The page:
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The Jeffersonian cyclopedia;

a comprehensive collection of the views of Thomas Jefferson classified and arranged in alphabetical order under nine thousand titles relating to government, politics, law, education, political economy, finance, science, art, literature, religious freedom, morals, etc.;

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9036. WASHINGTON (George), Second term.—[further continued].
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9036. WASHINGTON (George), Second term.—[further continued].

President Washington
said [in conversation with me] that as yet he
was quite undecided whether to retire in March
or not. His inclinations led him strongly to
do it. Nobody disliked more the ceremonies of
his office, and he had not the least taste or gratification
in the execution of its functions. That
he was happy at home alone, and that his presence
there was now peculiarly called for by
the situation of Major Washington, whom he
thought irrecoverable, and should he get well,
he would remove into another part of the country,
which might better agree with him. That
he did not believe his presence necessary; that
there were other characters who would do the
business as well or better. Still, however, if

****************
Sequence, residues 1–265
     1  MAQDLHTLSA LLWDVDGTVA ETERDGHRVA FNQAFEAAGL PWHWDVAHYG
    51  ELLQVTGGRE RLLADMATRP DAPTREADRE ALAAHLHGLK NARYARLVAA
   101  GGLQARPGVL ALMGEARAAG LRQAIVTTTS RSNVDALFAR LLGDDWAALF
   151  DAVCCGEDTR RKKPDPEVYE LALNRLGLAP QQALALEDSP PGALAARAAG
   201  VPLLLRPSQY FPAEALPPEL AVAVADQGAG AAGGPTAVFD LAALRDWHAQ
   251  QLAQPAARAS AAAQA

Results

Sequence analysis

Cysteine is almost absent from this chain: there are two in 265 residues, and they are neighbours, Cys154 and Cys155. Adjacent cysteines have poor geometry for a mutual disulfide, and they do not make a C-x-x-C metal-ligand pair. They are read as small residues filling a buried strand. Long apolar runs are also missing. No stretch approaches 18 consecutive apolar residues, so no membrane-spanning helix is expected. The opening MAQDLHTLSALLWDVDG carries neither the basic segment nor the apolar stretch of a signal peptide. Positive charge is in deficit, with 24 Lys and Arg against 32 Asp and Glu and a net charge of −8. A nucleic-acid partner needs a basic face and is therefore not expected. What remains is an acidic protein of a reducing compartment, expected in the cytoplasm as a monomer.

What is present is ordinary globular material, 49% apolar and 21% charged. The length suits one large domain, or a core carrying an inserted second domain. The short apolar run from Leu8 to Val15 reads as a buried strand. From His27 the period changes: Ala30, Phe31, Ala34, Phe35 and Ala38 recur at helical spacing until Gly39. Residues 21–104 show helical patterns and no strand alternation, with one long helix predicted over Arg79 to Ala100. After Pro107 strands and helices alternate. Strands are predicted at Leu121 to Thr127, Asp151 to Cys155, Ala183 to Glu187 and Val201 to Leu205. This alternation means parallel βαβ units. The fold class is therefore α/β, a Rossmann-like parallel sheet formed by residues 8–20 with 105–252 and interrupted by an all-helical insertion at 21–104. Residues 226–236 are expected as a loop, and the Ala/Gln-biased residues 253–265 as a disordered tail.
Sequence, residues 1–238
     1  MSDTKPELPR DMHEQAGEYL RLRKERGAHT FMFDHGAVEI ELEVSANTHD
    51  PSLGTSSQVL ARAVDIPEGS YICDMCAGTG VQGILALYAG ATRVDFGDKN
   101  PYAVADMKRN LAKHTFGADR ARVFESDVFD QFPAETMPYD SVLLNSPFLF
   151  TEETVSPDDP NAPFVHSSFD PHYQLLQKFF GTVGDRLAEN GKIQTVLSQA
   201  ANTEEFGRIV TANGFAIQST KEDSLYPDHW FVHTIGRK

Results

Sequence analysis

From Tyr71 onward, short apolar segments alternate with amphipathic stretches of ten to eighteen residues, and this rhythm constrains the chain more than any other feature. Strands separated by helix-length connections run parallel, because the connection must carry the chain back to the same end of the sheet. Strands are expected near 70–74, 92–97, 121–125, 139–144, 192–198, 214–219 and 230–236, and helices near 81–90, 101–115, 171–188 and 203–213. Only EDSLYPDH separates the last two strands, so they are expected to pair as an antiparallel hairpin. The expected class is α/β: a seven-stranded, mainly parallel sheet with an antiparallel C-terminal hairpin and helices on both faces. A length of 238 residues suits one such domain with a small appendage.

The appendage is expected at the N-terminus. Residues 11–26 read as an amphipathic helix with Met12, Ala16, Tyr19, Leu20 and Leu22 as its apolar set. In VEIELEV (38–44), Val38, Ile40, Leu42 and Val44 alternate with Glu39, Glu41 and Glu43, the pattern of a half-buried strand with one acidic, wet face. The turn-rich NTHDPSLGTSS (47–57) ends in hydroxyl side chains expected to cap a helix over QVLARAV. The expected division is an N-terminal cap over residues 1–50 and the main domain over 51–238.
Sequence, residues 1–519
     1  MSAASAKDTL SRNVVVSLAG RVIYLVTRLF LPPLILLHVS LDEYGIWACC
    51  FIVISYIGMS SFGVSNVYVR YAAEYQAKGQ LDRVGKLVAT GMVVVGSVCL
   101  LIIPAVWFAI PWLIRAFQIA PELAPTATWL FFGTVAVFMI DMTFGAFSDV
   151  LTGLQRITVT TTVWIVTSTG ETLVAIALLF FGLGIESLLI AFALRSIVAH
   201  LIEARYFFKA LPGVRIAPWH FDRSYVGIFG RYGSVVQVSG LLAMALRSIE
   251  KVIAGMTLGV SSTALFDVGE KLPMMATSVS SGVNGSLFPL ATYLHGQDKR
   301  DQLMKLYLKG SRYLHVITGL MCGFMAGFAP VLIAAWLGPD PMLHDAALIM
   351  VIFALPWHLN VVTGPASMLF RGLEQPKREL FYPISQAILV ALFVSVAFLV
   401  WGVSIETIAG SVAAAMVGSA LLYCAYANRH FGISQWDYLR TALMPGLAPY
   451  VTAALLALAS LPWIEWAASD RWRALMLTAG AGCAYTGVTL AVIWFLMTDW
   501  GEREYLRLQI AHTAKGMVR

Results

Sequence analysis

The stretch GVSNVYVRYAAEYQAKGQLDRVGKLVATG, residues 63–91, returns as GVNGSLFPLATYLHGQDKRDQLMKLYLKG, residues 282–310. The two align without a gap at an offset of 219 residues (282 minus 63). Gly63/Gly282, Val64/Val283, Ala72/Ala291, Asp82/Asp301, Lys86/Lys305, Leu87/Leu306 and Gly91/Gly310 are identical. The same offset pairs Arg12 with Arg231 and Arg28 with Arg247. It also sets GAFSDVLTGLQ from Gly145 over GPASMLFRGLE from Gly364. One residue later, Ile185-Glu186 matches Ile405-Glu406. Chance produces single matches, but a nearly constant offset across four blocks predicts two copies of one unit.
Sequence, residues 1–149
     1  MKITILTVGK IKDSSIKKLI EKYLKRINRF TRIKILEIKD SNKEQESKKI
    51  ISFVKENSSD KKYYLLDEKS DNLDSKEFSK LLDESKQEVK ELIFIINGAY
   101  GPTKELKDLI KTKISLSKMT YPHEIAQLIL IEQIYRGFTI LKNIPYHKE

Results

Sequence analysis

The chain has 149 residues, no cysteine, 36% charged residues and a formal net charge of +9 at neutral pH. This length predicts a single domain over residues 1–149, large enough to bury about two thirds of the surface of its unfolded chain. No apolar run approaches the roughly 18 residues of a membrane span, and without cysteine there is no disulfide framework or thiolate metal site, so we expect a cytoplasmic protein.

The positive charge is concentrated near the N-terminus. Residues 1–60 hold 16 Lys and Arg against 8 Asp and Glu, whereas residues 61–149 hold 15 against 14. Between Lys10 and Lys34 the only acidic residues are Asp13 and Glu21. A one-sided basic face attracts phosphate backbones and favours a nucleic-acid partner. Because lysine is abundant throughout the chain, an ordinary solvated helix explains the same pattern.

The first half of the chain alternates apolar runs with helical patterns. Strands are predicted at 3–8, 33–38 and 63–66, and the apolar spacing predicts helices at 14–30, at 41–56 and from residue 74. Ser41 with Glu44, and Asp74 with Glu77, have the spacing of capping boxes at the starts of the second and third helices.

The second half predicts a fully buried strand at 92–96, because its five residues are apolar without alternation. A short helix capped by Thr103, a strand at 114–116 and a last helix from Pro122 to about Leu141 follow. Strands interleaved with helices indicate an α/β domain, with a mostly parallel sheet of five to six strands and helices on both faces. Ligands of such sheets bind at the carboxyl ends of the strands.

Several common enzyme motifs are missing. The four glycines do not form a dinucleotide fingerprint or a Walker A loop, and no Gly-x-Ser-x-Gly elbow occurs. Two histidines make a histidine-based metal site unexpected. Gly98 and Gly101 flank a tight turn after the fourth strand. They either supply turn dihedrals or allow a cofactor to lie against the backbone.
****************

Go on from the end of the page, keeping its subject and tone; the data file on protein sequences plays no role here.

his aid was thought necessary to save the cause
to which he had devoted his life principally,
he would make the sacrifice of a longer continuance.
That he, therefore, reserved himself
for future decision, as his declaration would be
in time if made a month before the day of
election. He had desired Mr. Lear to find
out from conversation, without appearing to
make the inquiry, whether any other person
would be desired by anybody. He had informed
him, he judged from conversations that
it was the universal desire he should continue,
and he believed that those who expressed a
doubt of his continuance, did it in the language
of apprehension, and not of desire. But this,
says he, is only from the north; it may be very
different in the south. I thought this meant
as an opening to me to say what was the sentiment
in the south, from which quarter I come.
I told him, that as far as I knew, there was but
one voice there, which was for his continuance.—
The Anas. Washington ed. ix, 120. Ford ed., i, 202.
(Oct. 1792)